Two trips to the grocery store: parenting by grace in a performance world

Imagine heading over to your local grocery store. You pick up milk, bread, and eggs. You’ve got your kids in tow so you’re relieved when they don’t make too much of a scene. You head to the checkout counter. The cashier rings up your items and tells you your total. After you swipe your card and sign, she thanks you for shopping and hands you your receipt. As you walk out toward the parking lot, you look it over. That seems like a pretty normal trip to the grocer.

In the Bible, there are two basic kinds of relationship—contract relationships and covenant relationships.

In the Bible, there are two basic kinds of relationship—contract relationships and covenant relationships. A for-profit business—like a grocery store or coffee shop—typifies the contract relationship. A barista at your local coffee place provides you with an Americano and you leave a few dollars in return. In a contract negotiation, an arrival at a mutually satisfactory agreement is important. Like buying a car, it’s important to settle on a price before you take it off the lot.

Contracts have obligations and conditions that require performance. The terms must be fulfilled. If I go into business with you and I break one of the terms of our contract, our business relationship is over. And even when all of the terms are kept, some contracts—like the fading ink on a receipt—only last for a specified period of time. Because the parties in a contract are consumers, I may choose to break my contract on purpose if it no longer benefits me. Tim Keller describes it this way: "In a consumer relationship (a thing-oriented relationship), it could be said that the individual’s needs are more important than the relationship." If the grocery store down the street offers better quality produce or double coupons, I may walk away.

Now imagine a different trip to the store. This time, everyone there greets you by name, and when you head to the checkout, the manager begins to recount the history of your relationship with the store: “Donna first visited this location in 2005. She picked up puréed squash, peas, and bananas for her six-month old. We remember it like yesterday.” At this point, you’re thinking, “I know that they keep my purchase history with that Bonus Card, but this is pretty creepy.” Suddenly you see the manager is no longer reminiscing. He has his right hand raised, and he’s swearing an oath. We solemnly swear to provide you with non-GMO snack food choices and the most delectable selection of meats… Today’s shopping trip is our gift to you. We’re family. Take whatever you like.”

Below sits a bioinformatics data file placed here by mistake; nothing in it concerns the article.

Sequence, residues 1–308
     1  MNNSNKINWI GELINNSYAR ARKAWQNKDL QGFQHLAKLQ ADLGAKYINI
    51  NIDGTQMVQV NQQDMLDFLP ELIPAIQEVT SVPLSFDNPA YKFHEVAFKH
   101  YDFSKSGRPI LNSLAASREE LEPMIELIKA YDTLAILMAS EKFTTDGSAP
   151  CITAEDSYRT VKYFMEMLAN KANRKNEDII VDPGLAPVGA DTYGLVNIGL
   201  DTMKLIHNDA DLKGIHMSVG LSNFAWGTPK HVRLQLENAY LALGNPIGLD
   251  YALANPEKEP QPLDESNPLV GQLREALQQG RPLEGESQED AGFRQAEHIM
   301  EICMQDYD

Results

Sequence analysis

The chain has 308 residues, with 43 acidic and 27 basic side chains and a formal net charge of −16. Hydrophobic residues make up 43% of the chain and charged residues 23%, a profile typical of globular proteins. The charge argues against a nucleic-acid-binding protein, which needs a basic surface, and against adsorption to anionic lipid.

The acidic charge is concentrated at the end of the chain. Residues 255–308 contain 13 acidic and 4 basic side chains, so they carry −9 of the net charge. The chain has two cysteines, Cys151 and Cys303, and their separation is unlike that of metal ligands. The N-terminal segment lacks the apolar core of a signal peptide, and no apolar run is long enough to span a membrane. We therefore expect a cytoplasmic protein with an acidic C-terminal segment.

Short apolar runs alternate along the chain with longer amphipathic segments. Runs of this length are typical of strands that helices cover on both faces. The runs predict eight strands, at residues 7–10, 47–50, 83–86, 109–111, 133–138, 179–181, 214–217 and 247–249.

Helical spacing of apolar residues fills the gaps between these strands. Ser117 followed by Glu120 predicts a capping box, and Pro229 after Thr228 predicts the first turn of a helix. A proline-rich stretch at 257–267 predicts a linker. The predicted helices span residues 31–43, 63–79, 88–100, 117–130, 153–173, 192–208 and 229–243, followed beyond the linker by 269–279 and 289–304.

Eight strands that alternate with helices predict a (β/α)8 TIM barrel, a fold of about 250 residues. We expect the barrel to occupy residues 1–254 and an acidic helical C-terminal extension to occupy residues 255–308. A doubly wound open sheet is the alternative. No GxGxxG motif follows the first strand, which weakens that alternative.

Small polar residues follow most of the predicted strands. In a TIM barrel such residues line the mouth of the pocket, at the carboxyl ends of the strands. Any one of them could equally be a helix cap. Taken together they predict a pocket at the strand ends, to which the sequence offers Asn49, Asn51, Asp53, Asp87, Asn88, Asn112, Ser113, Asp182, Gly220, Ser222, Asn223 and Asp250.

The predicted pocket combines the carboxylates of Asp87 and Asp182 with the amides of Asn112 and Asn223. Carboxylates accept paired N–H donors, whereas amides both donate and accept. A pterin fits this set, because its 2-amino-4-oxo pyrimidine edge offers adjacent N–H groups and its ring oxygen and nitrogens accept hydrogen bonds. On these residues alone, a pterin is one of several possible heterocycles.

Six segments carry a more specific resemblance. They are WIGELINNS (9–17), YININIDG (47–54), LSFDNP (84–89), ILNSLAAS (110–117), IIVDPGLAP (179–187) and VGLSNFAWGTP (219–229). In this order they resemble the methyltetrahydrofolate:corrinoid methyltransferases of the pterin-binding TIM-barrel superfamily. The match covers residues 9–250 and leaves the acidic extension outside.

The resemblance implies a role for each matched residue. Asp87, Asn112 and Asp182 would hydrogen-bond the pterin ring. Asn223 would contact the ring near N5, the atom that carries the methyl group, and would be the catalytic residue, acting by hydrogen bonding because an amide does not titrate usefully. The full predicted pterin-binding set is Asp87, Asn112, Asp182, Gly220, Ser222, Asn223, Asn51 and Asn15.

Covenant relationships arise out of a personal history and a desire for deeper intimacy.

Covenant relationships arise out of a personal history and the desire for a deeper intimacy. In a covenant, negotiation has no place. The stronger party, that is, the party who is greater in grace, makes a proposal and gives his friendship and help as a gift. Covenant relationships aren’t even maintained by performance. If I break promises that I’ve made to my wife—like failing to love and cherish her well when she is sick—that doesn’t mean that our marriage is over. Our relationship is maintained by loyalty and unconditional love.

Sociologists tell us the marketplace has become so dominant in our society that the consumer model increasingly characterizes most relationships. It’s easy to slip into this mindset with our kids. We parent with hearts set on “getting a return on our investment.” When our kids are cute and we’re posting fun stories and pictures of family night on Instagram, we feel good. But, when the kids are screaming and pitching a fit on aisle 7, we may feel like cutting our losses.

Kids are not commodities. Children are gifts.

In those moments, we must remember that kids aren’t commodities. Children are gifts (Ps. 127:3). They are not the products of our success. They weren’t given to us for our pleasure and benefit. Our responsibility is to press in daily with unconditional covenant loyalty and love. We can do this, because we have a heavenly Father who loves us, his children, in the same way. He keeps covenant with us even when we close our ears to his instruction and pitch fits about what he allows into our lives. He loved us even when we were sinners with sacrificial, covenant love (Rom. 5:8).

One of the ways we've encouraged a covenant mentality in parenting at the church I've served is through our child dedication process. Check out the e-book, Before the Lord, Before the Church: 'How-to' Plan a Child Dedication Serviceto learn more about how we maximize child dedication to training our moms and dads in covenant parenting. 

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